Sanctioning Irredeemable Thugs

Sunday, June 5, 2011
Bloomberg's Editorial Board recommends a tougher U.S. policy toward Syria.

Sound familiar?

(Yet ironically some of the points below are criticized when it comes to Cuba policy).

Squeeze Syria's Thug-in-Chief Enough to Make It Hurt

What the U.S. and its allies can do is put more economic pressure on the Syrian regime. Already, the U.S. and European Union have frozen local assets of Assad and his top associates. China and Russia are unlikely to agree to broader UN sanctions, so the U.S. should seek alternatives. One would be working with the EU and Turkey to freeze the assets of Syria's state-owned banks, which finance the Syrian oil industry and key figures in the pro-Assad business elite. The U.S. and EU should also bar flights to and from Syria, and widen visa bans on Syrian officials, especially military officers and their families.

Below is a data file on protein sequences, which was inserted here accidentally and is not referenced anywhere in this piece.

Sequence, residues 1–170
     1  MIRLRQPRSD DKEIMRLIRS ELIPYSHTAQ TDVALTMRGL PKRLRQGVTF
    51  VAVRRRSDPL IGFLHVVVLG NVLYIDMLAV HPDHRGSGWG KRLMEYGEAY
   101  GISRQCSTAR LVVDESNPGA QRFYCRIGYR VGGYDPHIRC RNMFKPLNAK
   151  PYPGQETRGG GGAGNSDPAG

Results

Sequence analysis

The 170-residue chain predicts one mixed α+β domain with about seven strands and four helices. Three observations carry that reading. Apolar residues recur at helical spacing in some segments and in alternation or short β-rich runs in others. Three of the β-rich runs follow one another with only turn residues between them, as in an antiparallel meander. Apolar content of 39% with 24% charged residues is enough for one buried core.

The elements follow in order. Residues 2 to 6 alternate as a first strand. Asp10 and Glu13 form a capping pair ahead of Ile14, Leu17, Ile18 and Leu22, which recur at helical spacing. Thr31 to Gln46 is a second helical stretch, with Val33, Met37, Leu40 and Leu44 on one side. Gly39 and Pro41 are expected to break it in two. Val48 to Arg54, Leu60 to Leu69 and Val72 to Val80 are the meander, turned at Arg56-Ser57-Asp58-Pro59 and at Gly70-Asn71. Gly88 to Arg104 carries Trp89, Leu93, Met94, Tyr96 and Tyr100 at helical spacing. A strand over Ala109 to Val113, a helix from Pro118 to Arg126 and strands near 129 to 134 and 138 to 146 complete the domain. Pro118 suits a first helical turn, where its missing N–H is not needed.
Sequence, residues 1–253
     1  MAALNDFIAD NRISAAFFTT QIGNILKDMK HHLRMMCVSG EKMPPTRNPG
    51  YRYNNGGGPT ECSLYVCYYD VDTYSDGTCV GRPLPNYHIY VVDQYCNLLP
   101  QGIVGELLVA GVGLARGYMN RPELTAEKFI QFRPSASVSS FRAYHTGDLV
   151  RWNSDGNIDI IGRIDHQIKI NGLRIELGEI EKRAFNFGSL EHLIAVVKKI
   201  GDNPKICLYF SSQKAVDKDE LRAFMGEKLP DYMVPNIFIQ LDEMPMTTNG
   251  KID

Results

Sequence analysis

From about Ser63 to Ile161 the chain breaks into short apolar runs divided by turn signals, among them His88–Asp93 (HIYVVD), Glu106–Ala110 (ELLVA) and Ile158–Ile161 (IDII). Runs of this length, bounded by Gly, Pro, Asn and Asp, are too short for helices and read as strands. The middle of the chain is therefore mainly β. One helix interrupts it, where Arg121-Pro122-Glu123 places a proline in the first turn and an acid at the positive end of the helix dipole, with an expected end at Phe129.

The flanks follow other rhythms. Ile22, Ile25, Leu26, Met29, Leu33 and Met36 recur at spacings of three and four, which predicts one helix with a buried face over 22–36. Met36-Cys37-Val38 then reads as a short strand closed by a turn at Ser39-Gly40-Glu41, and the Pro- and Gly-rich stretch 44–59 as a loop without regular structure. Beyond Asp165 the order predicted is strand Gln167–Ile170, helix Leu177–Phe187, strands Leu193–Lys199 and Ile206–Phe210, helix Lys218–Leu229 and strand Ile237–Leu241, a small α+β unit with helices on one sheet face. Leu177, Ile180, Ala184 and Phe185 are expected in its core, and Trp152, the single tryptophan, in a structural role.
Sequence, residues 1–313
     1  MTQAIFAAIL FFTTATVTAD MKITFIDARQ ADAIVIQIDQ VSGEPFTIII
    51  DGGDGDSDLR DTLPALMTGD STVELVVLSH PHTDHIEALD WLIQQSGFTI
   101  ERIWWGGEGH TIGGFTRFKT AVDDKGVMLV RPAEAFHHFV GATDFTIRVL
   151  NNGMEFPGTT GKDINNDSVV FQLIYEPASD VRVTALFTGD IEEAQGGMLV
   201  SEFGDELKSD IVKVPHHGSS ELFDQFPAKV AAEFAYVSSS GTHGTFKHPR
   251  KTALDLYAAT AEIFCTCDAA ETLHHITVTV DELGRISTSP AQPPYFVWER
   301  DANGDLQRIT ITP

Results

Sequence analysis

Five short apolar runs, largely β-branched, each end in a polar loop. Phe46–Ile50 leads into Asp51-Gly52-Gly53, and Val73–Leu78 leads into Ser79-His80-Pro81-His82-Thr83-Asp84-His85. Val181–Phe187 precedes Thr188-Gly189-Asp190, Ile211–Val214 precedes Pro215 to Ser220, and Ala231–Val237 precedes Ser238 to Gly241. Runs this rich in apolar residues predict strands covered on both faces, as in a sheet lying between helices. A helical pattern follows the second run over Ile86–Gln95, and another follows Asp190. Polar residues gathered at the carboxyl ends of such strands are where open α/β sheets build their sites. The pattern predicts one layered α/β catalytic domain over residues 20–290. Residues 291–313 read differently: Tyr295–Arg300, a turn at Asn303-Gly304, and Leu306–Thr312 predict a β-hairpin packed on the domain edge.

These measures aren't likely to bring down Assad's house. But they would sting. Having established themselves as miscreants, the regime's agents should now be denied the privileges of international life. The sanctions would also let the Syrian opposition know the democratic world is behind them.

Should the Syrian Spring fizzle, the Assad regime would press for a return to normalcy, and many countries would be apt to go along. But the sanctions must remain, at least until there has been accountability for the atrocities being committed now. Since he succeeded his father in 2000, Bashar al-Assad has toyed with projecting the image of reluctant ruler and reformer. As Hamza al-Khateeb's (murdered young protestor) family knows perfectly, he is but one thing: an irredeemable thug.